Hillsborough County's bus system CEO steps down from position

Katharine Eagan is leaving for a "new community"

Tampa, Fla., - The leader of Hillsborough County's bus system announced she is stepping down from the position.

Chief Executive Officer Katharine Eagan will depart the agency after nearly eight years of service; she is taking on a "transit leadership role in a new community," says a spokesperson with the Hillsborough Area Regional Transit (HART) Authority.

Eagan joined HART in 2009, and helped to increase ridership despite a limited budget in comparison to similarly-sized cities.

Recently she was forced to overhaul the area's bus routes in order to maximize efficiencies, which meant cutting some routes that riders relied on. Eagan was also enthusiastic about electric vehicles, and was beginning to push HART towards involvement in autonomous vehicles (AV), announcing with ABC Action News last week a new AV shuttle that would cross through downtown Tampa beginning in 2018. 

In a statement to ABC Action News today, Eagan said, "the agency's future is bright, its leadership is strong and HART is devoted to delivering best-in-class transit services that connect many communities throughout Hillsborough County." "What HART has been able to achieve in the last three and a half years has been a collective effort reflective of the dedication of the entire HART team," she added.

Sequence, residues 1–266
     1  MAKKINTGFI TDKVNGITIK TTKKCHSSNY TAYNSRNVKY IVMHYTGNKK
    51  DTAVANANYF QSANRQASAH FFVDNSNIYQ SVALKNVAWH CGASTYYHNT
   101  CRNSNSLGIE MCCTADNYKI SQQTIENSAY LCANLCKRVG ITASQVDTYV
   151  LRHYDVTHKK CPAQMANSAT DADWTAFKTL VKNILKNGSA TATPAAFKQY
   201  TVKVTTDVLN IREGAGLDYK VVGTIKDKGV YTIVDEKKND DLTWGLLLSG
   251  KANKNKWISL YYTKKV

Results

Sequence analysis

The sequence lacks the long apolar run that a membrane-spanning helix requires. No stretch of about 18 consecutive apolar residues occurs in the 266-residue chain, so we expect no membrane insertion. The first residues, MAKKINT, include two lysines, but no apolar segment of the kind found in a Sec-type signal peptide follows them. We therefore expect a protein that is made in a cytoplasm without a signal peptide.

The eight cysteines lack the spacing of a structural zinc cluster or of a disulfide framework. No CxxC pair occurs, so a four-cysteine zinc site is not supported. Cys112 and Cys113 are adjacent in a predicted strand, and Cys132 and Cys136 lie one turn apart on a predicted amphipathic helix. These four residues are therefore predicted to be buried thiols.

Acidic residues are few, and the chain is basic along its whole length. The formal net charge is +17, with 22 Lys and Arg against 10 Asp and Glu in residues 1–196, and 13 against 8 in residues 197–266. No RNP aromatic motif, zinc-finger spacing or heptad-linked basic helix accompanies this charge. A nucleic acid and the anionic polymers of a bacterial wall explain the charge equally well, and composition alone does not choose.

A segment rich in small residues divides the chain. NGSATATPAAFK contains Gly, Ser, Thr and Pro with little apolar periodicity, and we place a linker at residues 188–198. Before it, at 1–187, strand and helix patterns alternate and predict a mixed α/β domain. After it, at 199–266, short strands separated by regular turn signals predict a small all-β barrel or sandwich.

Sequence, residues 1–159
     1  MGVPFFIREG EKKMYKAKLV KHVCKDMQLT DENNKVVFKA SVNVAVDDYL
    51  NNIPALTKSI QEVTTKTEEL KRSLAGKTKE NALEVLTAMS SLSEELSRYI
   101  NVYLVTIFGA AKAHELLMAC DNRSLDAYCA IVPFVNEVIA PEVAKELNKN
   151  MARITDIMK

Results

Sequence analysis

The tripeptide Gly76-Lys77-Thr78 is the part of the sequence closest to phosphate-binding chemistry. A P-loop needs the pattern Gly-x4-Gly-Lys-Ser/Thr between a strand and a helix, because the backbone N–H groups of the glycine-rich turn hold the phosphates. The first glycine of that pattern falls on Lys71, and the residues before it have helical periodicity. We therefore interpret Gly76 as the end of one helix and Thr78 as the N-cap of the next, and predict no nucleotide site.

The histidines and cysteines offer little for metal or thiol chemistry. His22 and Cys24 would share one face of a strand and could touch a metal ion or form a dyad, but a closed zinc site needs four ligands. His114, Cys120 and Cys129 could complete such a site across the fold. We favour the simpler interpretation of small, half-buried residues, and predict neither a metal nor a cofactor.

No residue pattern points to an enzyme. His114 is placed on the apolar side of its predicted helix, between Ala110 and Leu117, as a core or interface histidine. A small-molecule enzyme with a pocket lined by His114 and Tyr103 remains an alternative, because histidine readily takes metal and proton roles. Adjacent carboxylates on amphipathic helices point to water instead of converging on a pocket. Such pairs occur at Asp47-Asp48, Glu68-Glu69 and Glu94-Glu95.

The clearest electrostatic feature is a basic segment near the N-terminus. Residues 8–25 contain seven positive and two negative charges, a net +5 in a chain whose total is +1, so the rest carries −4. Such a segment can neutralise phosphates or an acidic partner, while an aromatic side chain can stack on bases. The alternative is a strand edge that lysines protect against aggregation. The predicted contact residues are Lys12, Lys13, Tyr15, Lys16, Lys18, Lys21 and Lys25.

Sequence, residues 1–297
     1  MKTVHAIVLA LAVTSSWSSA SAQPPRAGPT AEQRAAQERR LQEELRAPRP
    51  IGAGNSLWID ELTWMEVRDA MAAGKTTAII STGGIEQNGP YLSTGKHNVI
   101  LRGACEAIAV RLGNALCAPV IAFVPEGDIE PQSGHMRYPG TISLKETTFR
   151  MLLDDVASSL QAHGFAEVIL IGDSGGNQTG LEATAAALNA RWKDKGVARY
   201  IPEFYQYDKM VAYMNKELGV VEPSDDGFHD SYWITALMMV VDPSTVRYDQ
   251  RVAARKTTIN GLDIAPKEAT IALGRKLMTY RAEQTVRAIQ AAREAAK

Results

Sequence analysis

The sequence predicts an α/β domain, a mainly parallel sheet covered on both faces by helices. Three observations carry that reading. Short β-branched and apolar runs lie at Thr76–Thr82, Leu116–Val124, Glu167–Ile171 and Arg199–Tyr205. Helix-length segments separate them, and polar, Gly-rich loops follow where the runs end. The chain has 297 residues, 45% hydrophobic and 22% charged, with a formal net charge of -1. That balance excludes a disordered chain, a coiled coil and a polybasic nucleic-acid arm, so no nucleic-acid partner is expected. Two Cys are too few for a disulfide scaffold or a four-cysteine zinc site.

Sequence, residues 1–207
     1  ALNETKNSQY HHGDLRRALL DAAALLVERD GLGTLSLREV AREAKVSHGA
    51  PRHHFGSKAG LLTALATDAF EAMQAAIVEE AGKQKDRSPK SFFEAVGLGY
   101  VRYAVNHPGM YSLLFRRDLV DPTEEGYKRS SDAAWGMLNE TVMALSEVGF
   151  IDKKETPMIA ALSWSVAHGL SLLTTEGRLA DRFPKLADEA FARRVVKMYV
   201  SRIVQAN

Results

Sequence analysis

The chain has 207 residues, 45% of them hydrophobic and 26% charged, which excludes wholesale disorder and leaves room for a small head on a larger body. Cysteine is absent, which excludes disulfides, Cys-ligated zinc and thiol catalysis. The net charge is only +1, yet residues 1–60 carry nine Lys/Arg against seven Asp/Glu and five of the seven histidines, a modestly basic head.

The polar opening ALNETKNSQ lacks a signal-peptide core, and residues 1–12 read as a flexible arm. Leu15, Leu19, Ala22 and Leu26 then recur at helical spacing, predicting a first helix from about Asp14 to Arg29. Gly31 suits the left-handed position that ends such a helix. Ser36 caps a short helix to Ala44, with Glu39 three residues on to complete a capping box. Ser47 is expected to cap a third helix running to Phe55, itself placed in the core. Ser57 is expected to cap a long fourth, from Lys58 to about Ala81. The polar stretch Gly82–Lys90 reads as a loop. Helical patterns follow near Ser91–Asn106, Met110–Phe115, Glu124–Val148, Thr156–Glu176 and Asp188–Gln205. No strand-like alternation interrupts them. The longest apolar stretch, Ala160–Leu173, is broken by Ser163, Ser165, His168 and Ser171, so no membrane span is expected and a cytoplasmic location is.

The HART board will now be tasked with finding a replacement.

"Katharine Eagan has done an outstanding job running Hillsborough County's transit agency," said HART Board Chair and County Commissioner Lesley "Les" Miller, who will lead the search for a new HART CEO. "We are deeply grateful for her leadership and proud of the many strides we made as an agency during her time as HART CEO. Eagan helped lead a new era for HART which is cutting edge, fiscally responsible, and customer focused. Efforts that have earned her the respect of many in the Tampa Bay community."

Eagan recently told ABC Action News that she felt the bus system didn't serve enough people in the Hillsborough County Area because the system didn't have the money to better flood the area with public transportation options like buses.

"It's not that transit is not attractive, it's that an underfunded bus system has a hard time being competitive," Eagan told ABC Action News on November 2. "That's just the reality of it."

That lack of funding will be the primary challenge of any new HART leader, and could be a problem for Hillsborough County as it looks for a new CEO.

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